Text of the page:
Tuesday, February 5, 2008

Shift toward thrift could change U.S. economy

Analysts say a shift toward thrift could have huge implications for an economy driven largely by consumer spending. Interested in your thoughts - what is going to be the impact?

In the 1950s and ’60s, as credit cards grew in popularity, many began dining out when the mood struck or buying new television sets on the installment plan rather than waiting for payday. By the 1980s, millions of Americans were entrusting their savings to the booming stock market, using the winnings to spend in excess of their income. Millions more exuberantly borrowed against the value of their homes.

But now the freewheeling days of credit and risk may have run their course — at least for a while and perhaps much longer — as a period of involuntary thrift unfolds in many households. With the number of jobs shrinking, housing prices falling and debt levels swelling, the same nation that pioneered the no-money-down mortgage suddenly confronts an unfamiliar imperative: more Americans must live within their means.

2 comments:

Bethany said...

An obvious potential impact of thriftiness is a decline in employment. If Americans buy less or less expensive items, businesses will lose money and could cut jobs as a way to minimize loss. Higher unemployment could put a greater strain on government welfare programs. This cycle could end up encouraging more people to spend less, thereby lowering economic activity even more.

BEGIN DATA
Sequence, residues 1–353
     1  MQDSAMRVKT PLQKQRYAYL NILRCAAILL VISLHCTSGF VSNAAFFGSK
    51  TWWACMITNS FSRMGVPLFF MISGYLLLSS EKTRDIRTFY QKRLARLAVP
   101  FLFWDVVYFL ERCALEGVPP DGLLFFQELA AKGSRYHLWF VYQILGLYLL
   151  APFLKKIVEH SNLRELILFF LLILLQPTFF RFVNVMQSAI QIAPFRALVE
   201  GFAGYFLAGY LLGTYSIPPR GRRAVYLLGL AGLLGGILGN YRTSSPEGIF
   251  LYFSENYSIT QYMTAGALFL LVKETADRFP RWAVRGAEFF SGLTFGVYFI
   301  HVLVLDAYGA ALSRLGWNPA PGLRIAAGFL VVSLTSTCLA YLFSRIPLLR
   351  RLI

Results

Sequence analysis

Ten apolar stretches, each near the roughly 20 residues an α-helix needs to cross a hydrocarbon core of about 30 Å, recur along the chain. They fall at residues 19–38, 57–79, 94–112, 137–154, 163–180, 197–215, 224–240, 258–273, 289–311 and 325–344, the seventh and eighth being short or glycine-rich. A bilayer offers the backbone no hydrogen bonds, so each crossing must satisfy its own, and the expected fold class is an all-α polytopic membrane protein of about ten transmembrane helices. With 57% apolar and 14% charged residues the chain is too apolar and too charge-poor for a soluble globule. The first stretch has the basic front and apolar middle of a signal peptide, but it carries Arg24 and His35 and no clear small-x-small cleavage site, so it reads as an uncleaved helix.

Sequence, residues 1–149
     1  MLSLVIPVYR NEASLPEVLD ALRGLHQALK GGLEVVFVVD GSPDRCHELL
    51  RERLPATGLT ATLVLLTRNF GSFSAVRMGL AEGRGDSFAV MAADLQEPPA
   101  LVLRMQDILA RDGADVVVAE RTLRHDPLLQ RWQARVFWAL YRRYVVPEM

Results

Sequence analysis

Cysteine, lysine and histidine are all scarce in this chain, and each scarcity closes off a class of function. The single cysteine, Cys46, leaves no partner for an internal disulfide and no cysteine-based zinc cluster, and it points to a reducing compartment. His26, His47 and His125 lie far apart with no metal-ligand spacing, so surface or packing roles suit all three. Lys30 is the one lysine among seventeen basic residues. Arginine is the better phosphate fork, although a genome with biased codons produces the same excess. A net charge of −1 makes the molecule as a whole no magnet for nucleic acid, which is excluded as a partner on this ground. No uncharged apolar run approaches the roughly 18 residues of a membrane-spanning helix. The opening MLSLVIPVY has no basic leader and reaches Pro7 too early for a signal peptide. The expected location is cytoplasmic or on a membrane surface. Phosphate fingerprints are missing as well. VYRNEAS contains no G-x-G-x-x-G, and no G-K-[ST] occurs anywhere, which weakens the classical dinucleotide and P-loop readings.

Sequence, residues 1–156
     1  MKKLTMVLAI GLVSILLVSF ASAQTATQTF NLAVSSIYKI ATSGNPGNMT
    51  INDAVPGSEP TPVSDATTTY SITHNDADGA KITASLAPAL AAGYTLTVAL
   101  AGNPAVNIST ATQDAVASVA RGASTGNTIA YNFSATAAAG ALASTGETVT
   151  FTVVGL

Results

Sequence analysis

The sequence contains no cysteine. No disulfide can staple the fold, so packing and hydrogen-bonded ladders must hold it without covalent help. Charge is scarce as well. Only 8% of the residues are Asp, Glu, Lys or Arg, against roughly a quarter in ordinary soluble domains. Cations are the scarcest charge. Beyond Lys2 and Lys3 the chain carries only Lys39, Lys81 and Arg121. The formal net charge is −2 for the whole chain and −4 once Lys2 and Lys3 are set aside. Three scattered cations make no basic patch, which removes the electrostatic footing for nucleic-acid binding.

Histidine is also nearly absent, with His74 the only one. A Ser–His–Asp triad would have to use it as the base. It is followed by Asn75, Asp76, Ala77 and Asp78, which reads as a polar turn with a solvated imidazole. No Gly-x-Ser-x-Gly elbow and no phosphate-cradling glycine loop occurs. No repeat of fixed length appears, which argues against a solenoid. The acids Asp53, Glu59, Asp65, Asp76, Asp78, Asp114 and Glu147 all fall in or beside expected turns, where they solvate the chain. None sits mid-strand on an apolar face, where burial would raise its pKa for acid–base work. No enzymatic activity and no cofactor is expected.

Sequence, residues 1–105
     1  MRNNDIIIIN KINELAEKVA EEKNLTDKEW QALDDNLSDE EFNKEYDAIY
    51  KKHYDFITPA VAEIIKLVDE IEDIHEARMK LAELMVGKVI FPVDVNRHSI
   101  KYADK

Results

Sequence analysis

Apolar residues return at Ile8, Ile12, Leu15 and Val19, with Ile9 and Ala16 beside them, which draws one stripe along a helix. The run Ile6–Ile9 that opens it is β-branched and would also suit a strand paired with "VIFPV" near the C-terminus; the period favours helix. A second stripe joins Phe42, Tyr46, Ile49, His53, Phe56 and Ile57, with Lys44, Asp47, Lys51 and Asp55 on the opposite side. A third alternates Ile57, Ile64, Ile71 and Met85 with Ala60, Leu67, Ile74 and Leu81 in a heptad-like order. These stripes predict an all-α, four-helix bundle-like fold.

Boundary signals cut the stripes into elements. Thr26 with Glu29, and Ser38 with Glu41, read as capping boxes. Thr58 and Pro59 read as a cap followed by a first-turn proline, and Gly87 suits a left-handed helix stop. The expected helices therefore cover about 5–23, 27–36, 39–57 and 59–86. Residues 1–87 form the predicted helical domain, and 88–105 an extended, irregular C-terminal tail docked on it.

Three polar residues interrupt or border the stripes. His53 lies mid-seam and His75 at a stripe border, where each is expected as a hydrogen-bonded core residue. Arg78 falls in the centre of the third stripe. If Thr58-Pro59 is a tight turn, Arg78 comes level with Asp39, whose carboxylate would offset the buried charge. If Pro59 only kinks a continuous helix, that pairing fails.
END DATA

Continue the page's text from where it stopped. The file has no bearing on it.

I don't think that simply telling Americans to spend more is a viable solution; if it were that easy, people wouldn't have to be so thrifty now.

Jennifer said...

I agree with Bethany. Especially as we graduate and enter the workforce I fear entry-level jobs are going to be scarce.
The headline of the article seems like an obvious projection of the near-future, but when one begins to comprehend how many facets will be affected by a thrifty economy the issue is no longer cut-and-dry.
This also comes at a time when Bush seeks trillions of dollars for a national budget, when the stock market is slowing and when the war is becoming increasingly expensive. How is personal spending going to be anything but frugal?

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